Kulayni belonged to a family of muhaddithun (plural of muhaddith-traditionist) and fuqahā' (Islamic jurists). He spent the major part of his life in the 3rd century Hijri and hence he is known as Mujaddid (reviver) of the 3rd century.[6] Kulayni received his early religious education in his native town and went to Rey for further education, where he attended the lectures of famous contemporary scholrs. There he received all his formal education and mastered Islamic sciences. Within a short time he acquired fame as an eminent scholar and received students from far and near.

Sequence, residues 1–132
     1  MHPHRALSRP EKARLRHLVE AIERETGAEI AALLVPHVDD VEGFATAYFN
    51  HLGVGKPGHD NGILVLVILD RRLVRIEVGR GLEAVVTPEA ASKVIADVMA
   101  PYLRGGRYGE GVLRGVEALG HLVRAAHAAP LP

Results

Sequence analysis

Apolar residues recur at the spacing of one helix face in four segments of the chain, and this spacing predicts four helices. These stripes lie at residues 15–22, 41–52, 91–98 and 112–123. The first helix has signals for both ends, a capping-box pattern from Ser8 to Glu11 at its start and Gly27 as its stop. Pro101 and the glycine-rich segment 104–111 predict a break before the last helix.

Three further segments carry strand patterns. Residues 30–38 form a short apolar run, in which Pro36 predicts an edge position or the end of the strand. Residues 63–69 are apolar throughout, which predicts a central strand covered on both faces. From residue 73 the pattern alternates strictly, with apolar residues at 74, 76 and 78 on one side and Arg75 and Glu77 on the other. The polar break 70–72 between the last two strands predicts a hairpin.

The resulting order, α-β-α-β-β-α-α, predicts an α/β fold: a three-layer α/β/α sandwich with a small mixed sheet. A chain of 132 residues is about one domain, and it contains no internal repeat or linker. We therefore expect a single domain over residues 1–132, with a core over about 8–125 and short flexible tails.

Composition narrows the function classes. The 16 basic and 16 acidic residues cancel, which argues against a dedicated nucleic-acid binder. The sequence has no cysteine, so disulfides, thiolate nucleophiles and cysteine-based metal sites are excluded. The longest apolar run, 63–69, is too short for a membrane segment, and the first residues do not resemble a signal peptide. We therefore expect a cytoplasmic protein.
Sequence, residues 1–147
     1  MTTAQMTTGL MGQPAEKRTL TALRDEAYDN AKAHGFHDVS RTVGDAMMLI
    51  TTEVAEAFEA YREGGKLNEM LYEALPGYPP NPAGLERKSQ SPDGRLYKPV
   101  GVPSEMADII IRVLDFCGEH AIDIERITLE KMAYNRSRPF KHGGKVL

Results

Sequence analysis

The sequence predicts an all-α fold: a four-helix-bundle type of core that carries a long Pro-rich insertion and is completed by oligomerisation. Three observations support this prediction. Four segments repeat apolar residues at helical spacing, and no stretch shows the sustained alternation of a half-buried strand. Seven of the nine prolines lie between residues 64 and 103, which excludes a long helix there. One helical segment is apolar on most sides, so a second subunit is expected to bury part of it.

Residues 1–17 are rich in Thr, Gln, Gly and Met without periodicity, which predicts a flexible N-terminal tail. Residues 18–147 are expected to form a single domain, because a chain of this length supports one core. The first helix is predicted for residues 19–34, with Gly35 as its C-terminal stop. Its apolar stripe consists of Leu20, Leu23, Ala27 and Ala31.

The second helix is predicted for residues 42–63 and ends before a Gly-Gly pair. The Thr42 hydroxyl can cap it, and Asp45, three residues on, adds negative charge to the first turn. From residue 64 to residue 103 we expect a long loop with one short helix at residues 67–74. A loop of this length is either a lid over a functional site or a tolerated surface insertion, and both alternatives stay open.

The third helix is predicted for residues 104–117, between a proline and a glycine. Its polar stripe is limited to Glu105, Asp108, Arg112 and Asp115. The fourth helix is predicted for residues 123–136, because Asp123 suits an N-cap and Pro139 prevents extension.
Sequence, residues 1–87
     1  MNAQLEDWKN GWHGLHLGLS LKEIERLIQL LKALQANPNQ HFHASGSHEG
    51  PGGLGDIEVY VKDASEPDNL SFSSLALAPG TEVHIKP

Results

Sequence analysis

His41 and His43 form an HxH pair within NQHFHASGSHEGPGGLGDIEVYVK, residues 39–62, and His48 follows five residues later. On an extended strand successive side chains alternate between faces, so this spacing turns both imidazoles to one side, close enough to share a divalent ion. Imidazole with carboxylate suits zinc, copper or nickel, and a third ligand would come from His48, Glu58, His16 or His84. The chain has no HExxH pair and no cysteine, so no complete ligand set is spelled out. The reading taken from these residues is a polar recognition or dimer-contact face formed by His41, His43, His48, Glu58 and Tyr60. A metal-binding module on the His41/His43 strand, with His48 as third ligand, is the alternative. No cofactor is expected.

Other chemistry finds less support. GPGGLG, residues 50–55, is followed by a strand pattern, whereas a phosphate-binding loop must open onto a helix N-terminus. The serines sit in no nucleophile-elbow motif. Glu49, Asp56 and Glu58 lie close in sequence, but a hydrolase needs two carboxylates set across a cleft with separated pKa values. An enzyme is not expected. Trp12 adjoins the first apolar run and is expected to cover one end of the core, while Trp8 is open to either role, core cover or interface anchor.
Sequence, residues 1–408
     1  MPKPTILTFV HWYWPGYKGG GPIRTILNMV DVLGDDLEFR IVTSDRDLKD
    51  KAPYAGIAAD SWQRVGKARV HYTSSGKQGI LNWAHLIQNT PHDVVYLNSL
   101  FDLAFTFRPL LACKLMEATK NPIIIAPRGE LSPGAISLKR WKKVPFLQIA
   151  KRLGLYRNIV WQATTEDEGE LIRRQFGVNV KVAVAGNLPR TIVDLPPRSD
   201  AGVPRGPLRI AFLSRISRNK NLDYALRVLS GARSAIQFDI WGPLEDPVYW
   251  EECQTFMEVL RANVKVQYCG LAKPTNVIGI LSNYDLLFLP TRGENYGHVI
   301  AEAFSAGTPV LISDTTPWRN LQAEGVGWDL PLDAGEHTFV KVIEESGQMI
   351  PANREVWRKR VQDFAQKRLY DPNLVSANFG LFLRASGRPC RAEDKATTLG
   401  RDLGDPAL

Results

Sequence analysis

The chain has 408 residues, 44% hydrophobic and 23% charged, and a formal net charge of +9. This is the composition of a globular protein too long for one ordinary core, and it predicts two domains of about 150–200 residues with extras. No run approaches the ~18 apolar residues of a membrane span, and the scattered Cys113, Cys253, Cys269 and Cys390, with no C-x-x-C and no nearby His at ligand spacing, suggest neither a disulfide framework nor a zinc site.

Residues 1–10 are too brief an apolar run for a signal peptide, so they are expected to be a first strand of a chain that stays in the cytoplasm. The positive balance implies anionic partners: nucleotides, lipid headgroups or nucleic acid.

He is counted among a muhaddithun of a special class known as Rihalah ye hadith.[5] Rihlah in Arabic means journey or travel and those who traveled in order to collect ahadith and meet the persons considered to be the authority on hadith. He also traveled to Baghdad for this reason and lived there for twenty years till he died in 329 hijri/941 CE. There he was engaged in teaching and pursuing academic work.

Mujadid of third century AH[edit]

He is acknowledged by the Twelver Shiites as Mujadid of the 3rd century of the Islamic hijri calendar. It is a Shia belief that God chooses an alim (Islamic scholar) in every century for the task of reviving and strengthening Islam. Ibn Athir in his book Jami al-usul in kitab al nabuwwah quotes the hadith:

"God sends a person in every century with the responsibility for spreading and strengthening His Din."